In addition, we want to be a resource for our members and develop tools and provide forums that they can use as they deal with the challenges of recruiting and retaining and growing their maritime workforces. We've put on a series of virtual mariner workforce forums. We have engaged with our members and maritime schools and academies to talk about how their offerings could be tailored to better support our industry.

As we try to serve as the industry's united voice, we are partnering with other organizations to spread the good word about the awesome careers that are out there in our industry. We want to do that in a realistic way. These are great careers where a hardworking person can make a six-figure income within a matter of seven years and have a fantastic career with lots of responsibilities and great benefits. It's hard work. You're deployed. You're on the water. You're away from home. It's 24/7. We want to be realistic about the challenges involved as well as forthright in describing all the benefits so that folks know that the industry is out there and can make a decision about whether it's right for them. I think we still have the strong sense, as do a lot of our public and private sector partners out there, that there are a lot of folks in this country who just don't know what opportunities are available to them here and would be pretty excited if they knew what those opportunities were.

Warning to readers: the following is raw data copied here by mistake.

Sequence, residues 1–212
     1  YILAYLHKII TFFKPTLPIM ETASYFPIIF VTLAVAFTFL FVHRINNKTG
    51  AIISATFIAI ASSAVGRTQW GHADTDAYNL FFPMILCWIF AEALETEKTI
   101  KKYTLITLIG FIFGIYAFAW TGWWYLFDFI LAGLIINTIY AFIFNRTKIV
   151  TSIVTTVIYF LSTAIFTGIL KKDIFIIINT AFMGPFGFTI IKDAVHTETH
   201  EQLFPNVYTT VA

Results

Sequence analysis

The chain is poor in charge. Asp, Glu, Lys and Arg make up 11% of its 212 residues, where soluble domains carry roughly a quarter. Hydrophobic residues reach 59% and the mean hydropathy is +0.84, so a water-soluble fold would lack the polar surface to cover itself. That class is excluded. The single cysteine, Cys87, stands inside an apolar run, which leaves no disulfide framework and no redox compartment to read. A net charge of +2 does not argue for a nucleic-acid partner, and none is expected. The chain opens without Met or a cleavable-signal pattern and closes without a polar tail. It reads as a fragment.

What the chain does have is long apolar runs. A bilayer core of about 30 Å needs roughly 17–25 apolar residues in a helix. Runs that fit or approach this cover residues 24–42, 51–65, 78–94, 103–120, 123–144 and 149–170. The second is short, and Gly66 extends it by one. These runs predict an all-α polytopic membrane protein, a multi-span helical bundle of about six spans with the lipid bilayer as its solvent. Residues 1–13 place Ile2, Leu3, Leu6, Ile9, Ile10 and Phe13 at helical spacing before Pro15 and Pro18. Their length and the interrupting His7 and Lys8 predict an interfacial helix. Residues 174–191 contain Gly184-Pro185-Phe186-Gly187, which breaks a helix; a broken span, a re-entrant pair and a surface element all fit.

Last year the USCG updated its guidance for ATBs. Why were these updates necessary and what are the biggest changes?